Then you think about what her breasts would look like bare. You might imagine that she is pushing them toward you, whether or not she is. She’s wearing a white blouse, and you think maybe you can see a tuck of lace at the V of her bra—one of those glued-on rosebuds?
Maybe your heart speeds up if you haven’t already done this a million times—a bloody nest in your chest, soggy, like something dredged out of a river: Your heart, you never want it to stop.
If she’s not just considering, if she’s done this a lot, she might tilt her head as if she’s stretching her neck. Casual. Nothing’s being said. She must be waiting for you to say something—so, perhaps you are clever, you say something funny like, “Sure is hot in here,” tugging at your collar with an index finger or loosening your tie. But if you can’t think of anything like that, or it’s just not your style, you’ll say, “I’d enjoy some company in Room 47. Meaning you,” looking hard at her now.
“Is that right?” Flirting, and slow, “And what’s good company worth to you?”
You smile. Maybe your palms are sweating or, if you’re a different kind of man, maybe all this makes you mad but makes you want it even worse. “Name it. I’ll see if I can scrape it up.”
“Well.” She’s looking at your name in the guest register now and it makes you a little nervous, whether it’s your real name or not. “Your room was sixty dollars. I think the company would be worth that, don’t you?”
It’s less than you expected. Or more. Maybe that makes you a little sad for her, or angry, but you don’t want to think about that now. You wink, but don’t smile. You say, “See you up there, sugar.”
As you’re walking out the office door you hear her humming high and light under her breath. You wonder if she’s watching your back, wonder if she’s noticed your limp, worried that she’s taking down your license number, but you also think about her breasts. They looked good. Her lips were sweet. She’s young, early twenties, petite and polite-looking with thick reddish hair, a small-town girl—but you know now she’s a slut, too; she’ll do whatever you want. By now you’re so ready for it you can hardly stand to think about what’s next.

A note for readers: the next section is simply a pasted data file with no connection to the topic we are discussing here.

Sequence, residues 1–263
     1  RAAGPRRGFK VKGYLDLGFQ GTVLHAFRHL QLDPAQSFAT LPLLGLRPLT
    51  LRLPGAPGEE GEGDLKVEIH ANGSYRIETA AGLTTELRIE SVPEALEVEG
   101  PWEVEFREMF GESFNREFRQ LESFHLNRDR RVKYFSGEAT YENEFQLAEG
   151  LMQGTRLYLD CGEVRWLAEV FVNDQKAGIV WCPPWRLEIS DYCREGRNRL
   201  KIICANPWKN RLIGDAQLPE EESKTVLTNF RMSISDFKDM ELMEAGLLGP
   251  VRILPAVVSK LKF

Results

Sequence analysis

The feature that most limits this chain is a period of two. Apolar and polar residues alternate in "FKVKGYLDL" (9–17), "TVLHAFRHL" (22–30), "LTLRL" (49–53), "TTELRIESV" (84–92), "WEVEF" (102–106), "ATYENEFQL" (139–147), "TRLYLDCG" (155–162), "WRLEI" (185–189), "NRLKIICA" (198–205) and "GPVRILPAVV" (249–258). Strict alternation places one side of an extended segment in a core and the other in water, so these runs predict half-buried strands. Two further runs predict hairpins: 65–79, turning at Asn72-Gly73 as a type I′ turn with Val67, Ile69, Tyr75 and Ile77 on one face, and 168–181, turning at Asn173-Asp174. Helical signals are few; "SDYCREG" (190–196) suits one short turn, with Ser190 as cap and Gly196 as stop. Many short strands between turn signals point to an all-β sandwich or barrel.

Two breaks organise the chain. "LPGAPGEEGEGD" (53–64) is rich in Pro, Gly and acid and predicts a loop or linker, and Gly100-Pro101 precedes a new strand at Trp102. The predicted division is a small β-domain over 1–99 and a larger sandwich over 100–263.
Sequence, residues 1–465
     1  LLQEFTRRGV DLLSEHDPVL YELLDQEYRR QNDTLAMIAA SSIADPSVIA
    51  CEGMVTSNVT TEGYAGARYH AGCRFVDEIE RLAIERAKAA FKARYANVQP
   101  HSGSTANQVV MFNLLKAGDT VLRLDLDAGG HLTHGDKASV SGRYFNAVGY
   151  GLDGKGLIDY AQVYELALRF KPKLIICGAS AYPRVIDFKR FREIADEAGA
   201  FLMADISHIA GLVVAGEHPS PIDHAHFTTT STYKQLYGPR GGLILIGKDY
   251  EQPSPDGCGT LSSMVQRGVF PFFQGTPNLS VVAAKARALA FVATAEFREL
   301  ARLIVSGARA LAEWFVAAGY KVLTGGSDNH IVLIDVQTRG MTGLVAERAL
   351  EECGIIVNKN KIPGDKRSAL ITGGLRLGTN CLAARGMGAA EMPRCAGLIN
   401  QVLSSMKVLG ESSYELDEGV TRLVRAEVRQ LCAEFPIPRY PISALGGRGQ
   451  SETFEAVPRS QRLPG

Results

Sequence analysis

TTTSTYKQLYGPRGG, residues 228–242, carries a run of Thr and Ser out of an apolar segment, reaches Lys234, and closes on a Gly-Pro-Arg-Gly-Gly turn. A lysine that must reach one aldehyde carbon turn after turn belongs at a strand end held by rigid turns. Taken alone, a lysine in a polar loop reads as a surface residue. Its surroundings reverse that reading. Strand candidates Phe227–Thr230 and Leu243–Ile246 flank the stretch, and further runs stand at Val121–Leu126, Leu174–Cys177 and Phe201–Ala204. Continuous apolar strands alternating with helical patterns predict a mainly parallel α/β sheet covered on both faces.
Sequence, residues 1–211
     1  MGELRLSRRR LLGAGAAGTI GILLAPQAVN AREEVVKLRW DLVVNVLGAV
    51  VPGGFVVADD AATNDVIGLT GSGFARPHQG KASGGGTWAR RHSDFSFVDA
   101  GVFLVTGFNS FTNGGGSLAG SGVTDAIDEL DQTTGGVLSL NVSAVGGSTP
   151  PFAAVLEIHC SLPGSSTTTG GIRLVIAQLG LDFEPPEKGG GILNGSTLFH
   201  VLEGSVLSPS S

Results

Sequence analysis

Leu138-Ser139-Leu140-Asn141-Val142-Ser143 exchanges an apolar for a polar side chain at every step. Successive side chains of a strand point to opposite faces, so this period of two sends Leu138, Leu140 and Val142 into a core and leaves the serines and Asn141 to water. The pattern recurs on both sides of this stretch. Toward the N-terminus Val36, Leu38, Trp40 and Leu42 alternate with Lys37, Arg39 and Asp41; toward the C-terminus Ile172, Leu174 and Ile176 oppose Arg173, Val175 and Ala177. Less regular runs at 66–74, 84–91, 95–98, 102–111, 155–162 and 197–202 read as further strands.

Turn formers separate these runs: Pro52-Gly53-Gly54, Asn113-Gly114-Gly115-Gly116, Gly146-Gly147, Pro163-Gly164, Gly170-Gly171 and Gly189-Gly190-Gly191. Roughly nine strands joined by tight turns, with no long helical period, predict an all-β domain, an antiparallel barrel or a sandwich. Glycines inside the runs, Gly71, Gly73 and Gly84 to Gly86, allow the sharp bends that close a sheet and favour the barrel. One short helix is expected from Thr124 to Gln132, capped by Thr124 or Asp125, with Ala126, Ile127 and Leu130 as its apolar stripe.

What’s next is oddly almost always the same. She knocks on your door, whether or not it’s open. The room is small and smells like mildew and Pine Sol. The bedspread is thin and crisp, swirled with subdued colors—rust, gold, navy blue. The heat or the air conditioning has just kicked in, you’ve turned it on high because it was too hot or cold in your room, and it’s rattling now. It’s dark, even with the light on. You pulled the curtains already. Maybe you rinsed out your mouth. Maybe you used the toilet and it’s still running in the bathroom behind you.
Now that she’s out from behind the front desk, you see she’s wearing a short skirt or semitight jeans—nothing special, but she has nice legs, little hips, small waist. She’s thin and pale, especially under that messy red dredge of hair. But she looks healthy. When she holds her hand out for the cash, you have it for her, already counted and folded. She looks at it before she slips it in her shoe, under her heel.
Suddenly your heart is kicking like a big black boot in your chest, and it makes you either shy or angry, sometimes both. You probably don’t kiss her, you just put the palms of your hands on those breasts you’ve been thinking about, move your fingers around on her shirt, and you’re breathing hard. But she just stands there like a closed white door.
You’re touching someone who doesn’t want to touch you back—all yours, like the room, the TV, the conservative bedspread for the night: You already paid. But she’s so quiet, sort of smirking, you think. It makes you nervous. You can’t help it that your hands are shaking, but you’re a big man who worries a lot about his middle-aged heart—all those uncles lined up in coffins dead of heart attacks, predictable in Michigan as winter. In a flash you see yourself five years old in a little blue suit on tiptoes peering over the edge of a glossy trunk to get a look at one of those uncles as a powder-dusted corpse:
You realize, as you take her flesh in a handful, that you’re the age of that corpse now.
Lately, you sweat in your sleep, wake up soaked and cold.
Dead, they smelled like women—talcum and old rose water.